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Also known as Islamic State of Iraq and the Levant, ISIS is a self-proclaimed state that is often viewed as an extremist organization (Jones, 2014). Despite the fact that the idea behind ISIS, i.e., the unity of the Muslim states, may be viewed as positive, the effects, which the current territorial policy adopted by ISIS has led to, call for drastic measures to be taken.
ISIS and the Global Conflict
According to the official statement made by ISIS the organization in question aims at not only being recognized as an independent state, but also to unite Muslims all over the world by taking them under its wing, as well as to take control over the regions, where Muslim people currently live.
ISIS is a stellar example of a positive concept being pushed to its logical extreme and, thus, being turned into a disturbingly ugly idea. While the concept of togetherness and the reconciliation of Muslim people living in different corners of the world can be viewed as a generally positive phenomenon, the totalitarian control, which goes with this reconciliation hand in hand, is obviously a step backwards in the political evolution of the states that ISIS consists of.
Among the key geopolitical changes, which the creation of ISIS triggers, the unity of the states that have been incorporated into the organization should be mentioned first. On the one hand, the cooperation of such powerful states may mean that ISIS is going to empower the states that it consists of for a further geopolitical evolution and the strengthening of their territorial unity; on the other hand, the very fact that separate states have been integrated into a single conglomerate presupposes that the premises for a range of national conflicts, not to mention political concerns, will be created; as a result, the current territorial claims of ISIS will most likely lead to an unceasing conflict between the proponents of the unification of the states and their opponents.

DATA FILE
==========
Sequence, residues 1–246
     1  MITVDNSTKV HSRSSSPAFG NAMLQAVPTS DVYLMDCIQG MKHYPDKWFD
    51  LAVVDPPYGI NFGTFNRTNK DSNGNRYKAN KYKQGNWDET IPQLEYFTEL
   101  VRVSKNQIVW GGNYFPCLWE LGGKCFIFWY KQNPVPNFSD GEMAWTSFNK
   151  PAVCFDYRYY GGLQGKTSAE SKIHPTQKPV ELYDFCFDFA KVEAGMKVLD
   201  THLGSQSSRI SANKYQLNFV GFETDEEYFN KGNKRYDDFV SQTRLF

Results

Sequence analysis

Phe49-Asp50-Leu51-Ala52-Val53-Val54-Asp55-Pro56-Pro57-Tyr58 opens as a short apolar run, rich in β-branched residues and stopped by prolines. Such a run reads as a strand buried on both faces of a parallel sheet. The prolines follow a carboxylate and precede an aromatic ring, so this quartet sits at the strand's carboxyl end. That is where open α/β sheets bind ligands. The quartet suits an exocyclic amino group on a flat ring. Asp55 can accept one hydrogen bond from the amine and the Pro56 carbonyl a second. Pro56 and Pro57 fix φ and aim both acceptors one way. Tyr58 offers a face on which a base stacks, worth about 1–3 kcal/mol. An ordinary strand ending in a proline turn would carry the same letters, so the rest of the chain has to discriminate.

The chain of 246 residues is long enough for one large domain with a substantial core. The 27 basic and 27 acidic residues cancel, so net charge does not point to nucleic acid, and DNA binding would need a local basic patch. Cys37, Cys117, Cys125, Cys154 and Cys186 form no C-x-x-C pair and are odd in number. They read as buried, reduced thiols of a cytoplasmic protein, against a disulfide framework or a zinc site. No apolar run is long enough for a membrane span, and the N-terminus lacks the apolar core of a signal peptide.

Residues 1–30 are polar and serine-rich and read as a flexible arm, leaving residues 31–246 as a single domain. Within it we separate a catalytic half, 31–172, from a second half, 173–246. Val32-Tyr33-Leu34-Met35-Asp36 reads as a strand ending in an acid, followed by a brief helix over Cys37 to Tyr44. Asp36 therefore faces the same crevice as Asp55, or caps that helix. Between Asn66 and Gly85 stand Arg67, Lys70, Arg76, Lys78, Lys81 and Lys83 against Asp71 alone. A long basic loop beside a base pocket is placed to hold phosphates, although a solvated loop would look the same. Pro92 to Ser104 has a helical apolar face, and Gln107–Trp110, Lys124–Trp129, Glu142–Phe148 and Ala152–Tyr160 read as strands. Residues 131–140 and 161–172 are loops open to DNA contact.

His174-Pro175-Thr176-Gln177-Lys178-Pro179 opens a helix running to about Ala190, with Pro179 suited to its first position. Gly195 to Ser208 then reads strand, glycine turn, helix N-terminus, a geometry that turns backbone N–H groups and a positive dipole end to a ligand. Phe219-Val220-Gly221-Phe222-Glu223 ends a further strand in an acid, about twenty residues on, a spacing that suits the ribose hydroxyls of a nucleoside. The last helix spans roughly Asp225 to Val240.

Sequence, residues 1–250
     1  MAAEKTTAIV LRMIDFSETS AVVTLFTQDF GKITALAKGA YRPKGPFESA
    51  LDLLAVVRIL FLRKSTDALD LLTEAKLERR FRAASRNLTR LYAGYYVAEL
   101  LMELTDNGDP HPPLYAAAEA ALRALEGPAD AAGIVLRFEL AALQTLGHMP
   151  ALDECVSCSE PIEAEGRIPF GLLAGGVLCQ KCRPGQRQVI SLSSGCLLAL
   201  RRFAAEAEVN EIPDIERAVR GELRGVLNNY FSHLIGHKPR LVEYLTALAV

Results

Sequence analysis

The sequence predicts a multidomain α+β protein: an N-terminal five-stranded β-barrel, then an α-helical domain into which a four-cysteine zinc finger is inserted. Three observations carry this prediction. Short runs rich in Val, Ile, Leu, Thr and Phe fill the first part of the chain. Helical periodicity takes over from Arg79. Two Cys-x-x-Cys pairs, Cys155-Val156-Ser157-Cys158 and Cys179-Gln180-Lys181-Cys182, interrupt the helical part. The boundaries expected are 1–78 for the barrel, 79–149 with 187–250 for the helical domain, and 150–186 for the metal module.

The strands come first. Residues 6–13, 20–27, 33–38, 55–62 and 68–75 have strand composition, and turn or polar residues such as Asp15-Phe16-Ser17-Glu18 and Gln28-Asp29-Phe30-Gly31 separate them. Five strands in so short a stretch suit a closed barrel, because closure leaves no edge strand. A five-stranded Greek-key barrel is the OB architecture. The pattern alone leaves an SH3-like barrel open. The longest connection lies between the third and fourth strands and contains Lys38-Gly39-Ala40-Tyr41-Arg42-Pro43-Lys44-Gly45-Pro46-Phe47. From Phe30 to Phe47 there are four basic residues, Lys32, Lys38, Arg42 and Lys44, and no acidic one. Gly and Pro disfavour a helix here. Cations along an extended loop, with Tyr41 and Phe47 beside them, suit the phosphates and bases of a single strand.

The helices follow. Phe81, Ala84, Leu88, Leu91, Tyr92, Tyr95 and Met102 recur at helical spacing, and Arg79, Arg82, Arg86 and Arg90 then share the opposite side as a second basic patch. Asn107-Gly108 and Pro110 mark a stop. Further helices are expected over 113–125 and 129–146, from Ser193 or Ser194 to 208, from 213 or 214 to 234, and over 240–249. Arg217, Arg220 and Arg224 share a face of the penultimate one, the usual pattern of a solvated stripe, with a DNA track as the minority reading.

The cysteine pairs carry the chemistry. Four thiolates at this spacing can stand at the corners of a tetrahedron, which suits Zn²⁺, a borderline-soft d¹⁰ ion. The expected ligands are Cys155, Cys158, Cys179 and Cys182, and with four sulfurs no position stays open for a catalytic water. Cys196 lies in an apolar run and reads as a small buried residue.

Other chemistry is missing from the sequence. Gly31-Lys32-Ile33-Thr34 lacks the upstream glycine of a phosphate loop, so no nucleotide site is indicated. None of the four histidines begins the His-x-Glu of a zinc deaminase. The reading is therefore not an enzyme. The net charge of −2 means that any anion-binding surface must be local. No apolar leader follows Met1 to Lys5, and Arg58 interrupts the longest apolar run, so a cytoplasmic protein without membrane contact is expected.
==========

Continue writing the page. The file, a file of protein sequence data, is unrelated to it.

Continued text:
The fact that ISIS is going to get hold of the Iraqi governorates, as well as a range of provinces, including Baghdad, Kirkuk, Salah Al-Din, Babil, Hama, Idlib, l Badiya, etc. (Chulov & Hawramy, 2014), shows in a very graphic manner that the aggressive policy, which it has chosen as its key strategy, leads to deplorable results.
To be more exact, the members of ISIS use the weaknesses of the governments in the states that they plan to capture in order to add these states to the ISIS area without any concerns for the possible political, ethnic or cultural conflicts, which such unification may possibly trigger (Russell, 2014). As a result, while territorially, ISIS can be viewed as an extremely strong and powerful organization, politically, it is torn apart because of the conflicts within the very coalition.
Moreover, the international conflict that ensues from the actions carried out by ISIS must be mentioned. The manner, in which the organization claims its new territories, goes against the basic democratic principles, which are currently accepted in the global community; as a result, the organization is viewed as a terroristic one.
Hence, the states, which are currently included in ISIS, are in a temporary conflict with the global community. The trade relationships having been disrupted and the military forces of Europe and the USA opposing the ISIS members, the organization has clearly contributed to the development of an international military conflict and is most likely to cause an even greater split between the residents of the areas, which have been captured and integrated into ISIS.
Despite the ambiguity surrounding the very concept of ISIS, the fact that it poses a palpable threat to the rest of the world is obvious. Unless the organization ceases to exist and releases the states and territories, which it has seized under its control, a major political conflict is unavoidable. A major threat to the wellbeing of the entire world, ISIS is an issue that needs to be addressed urgently.
Chulov, M. & Hawramy, F. (2014). Martin Chulov in Baghdad, and Fazel Iraqi Kurds strengthen their positions while Isis advances on Baghdad in Irbil. Guardian. Web.
Jones, S. G. (2014). A persistent threat: The evolution of Al Qa’ida and other Salafi Jihadists. Washington, DC: Rand Corporation.
Russell, M. (2014). The Middle East and South Asia. Lanham, MD: Rowman & Littlefield.